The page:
Who owns the Great Mosque of Córdoba?


Even if you have never visited the beautiful mosque in the centre of Córdoba’s old city, you will have most probably have heard of it. While I was writing the al-Andalus trilogy, which was set in 10th century Córdoba, I visited it many times. It is a truly magnificent place.

The Mezquita’s fame is widespread, and its history stretches back to the time of the Moors in the 8th century. Work was begun in 785 AD, on the banks of the Guadalquivir, under the orders of Emir Abd al Rahman I. He had bought the site from the Christian community for 100,000 dinars. As was customary in the ancient world, he had chosen a site that already had religious connections; it had been a Visigoth hermitage, before that it was the site of a Roman temple, and from the middle of the 8th century, Christians and Muslims had both worshipped there.

PicturePlan of the Mosque showing when each part was built.

The Moors were a major presence in Spain for over 700 years, but this is the only mosque surviving from that period of history. It is also one of the largest—180m x 130m—having been extended by Abd al Rahman II in 833 AD to cope with an ever expanding population. His successor, Abd al Rahman III was too busy uniting the kingdom and building his new city in Madinat al Zahra to spend money on the mosque in Córdobaalthough he did build the orangery.

So it wasn’t until after his death, that his son, al Hakam II undertook another enlargement of the mosque in 926 AD. Then finally in 987 AD, al-Mansor, the de facto ruler of al-Andalus after the death of Abd al Hakam, almost doubled the size of the building. Yet, despite so many additions to this magnificent building over a long period of time, the architects managed to maintain its structural unity.

PicturePlan showing the Christian alterations

Until that is, the conquest of Córdoba by Ferdinand in 1236, when the city was taken over by the Christians. In 1257 the Bishop of Córdoba decided to consecrate part of the mosque as a cathedral.

First-time visitors to the mosque are amazed to suddenly find themselves in a Christian cathedral. Sadly a lot of the additions to the mosque made by Abd al Rahman II and al-Mansur, were dismantled during the creation of the cathedral.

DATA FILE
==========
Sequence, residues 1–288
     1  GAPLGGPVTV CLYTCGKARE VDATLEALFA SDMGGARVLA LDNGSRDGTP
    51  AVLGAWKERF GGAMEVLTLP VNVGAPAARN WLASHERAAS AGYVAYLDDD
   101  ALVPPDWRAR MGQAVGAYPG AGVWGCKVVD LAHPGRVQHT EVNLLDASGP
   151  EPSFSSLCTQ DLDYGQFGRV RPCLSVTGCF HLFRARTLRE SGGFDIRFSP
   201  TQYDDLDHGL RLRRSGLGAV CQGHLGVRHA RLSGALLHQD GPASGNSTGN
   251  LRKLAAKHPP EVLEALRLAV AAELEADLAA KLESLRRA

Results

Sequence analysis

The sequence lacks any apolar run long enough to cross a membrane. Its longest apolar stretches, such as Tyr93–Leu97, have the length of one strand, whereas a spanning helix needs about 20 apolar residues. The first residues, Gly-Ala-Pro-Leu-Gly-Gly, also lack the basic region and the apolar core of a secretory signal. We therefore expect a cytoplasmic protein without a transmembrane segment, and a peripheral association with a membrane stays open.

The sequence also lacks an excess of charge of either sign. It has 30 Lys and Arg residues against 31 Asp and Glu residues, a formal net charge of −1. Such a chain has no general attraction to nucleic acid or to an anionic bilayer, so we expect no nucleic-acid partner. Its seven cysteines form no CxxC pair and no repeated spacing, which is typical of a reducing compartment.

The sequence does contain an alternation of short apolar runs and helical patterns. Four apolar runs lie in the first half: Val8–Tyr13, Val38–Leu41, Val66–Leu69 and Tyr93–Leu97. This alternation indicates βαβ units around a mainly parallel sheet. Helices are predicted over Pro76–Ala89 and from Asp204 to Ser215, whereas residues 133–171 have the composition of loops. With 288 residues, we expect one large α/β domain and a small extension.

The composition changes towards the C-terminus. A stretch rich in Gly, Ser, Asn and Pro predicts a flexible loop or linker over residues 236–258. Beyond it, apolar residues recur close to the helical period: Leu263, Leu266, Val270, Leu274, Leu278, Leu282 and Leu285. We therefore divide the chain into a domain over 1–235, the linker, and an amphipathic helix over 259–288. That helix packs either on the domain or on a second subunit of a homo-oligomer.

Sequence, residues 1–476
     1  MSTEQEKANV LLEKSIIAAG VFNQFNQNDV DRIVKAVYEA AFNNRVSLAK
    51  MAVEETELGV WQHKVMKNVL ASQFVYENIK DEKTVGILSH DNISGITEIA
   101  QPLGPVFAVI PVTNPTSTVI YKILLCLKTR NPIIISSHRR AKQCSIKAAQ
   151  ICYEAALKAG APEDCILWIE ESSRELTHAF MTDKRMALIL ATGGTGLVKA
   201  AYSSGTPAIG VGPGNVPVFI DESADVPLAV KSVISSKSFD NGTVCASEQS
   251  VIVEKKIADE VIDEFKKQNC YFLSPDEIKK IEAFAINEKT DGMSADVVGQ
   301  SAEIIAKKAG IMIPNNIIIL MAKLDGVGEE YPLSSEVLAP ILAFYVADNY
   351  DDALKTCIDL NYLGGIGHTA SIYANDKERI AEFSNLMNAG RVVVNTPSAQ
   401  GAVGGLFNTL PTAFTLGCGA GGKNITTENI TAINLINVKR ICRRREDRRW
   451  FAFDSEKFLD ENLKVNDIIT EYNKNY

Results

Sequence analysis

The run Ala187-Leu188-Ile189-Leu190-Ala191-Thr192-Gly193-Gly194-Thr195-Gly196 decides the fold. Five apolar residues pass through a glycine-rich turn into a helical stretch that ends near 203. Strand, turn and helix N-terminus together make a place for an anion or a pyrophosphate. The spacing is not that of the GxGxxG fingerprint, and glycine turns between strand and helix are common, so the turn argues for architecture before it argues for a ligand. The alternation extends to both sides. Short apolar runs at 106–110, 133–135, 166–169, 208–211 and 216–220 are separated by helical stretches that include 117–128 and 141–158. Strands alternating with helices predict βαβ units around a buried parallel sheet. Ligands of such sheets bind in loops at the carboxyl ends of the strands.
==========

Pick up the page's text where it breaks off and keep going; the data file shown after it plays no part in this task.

Further work was done to the cathedral in 1523 under the orders of the Bishop and without the consent of the Cathedral chapter. They tried to stop any further changes by threatening them with the death penalty if they did any more work without Royal assent. So the bishop appealed to King Charles I, who  gave his consent.

​According to rumour, when the king later visited the cathedral, he is reported to have said: ‘I did not know what this was, otherwise I would not have allowed the old part to be changed; because you are doing what can be done elsewhere, whereas you have destroyed something that is unique in the world.’


That was almost five hundred years ago and yet still there is a dispute between the citizens of Córdoba  and Church over the great Mosque. A law passed in 1946, during the Franco regime allowed the Catholic Church to acquire thousands of properties in its name. In 1998, the government of the day extended this right to cover places of worship, and the Church swallowed up hundreds of cemeteries, chapels and cathedrals. One estimate is of 4,500 properties. But the most controversial was in 2006, when the then Bishop of Córdoba registered the Mezquita as the property of the Catholic Church, and paid the sum of €30 to do so. It was an attempt by the bishopric to wipe out all traces of Córdoba’s Islamic past and their justification for doing this was that in 1236 Ferdinand III of Castile had decided that the site of the Mosque should be “consecrated and converted into a cathedral.”


But the citizens of Córdoba are not happy. The Mezquita, which was declared a World Heritage Site over thirty years ago, is one of the biggest tourist attractions in Spain. Despite formal complaints by angry citizens, the Spanish Heritage office ruled in 2014 that the Church had done nothing wrong. Then a few years ago the Andalusian regional government commissioned a report on whether it could request the rights to the management of the property.  I was unable to find a copy of the report but a summary of its conclusion states that a monument of such national significance cannot be owned by any individual or institution. This puts the Church’s position in jeopardy, but I couldn’t find anything to say that things had changed.

A number of organisations, such as the Navarre Heritage Defence Platform are leading the fight to overturn many of these unconstitutional registrations by the Church.

If anyone has any recent news about the ownership of the Mezquita, please let me know.


Joan Fallon is a writer and novelist living in Spain.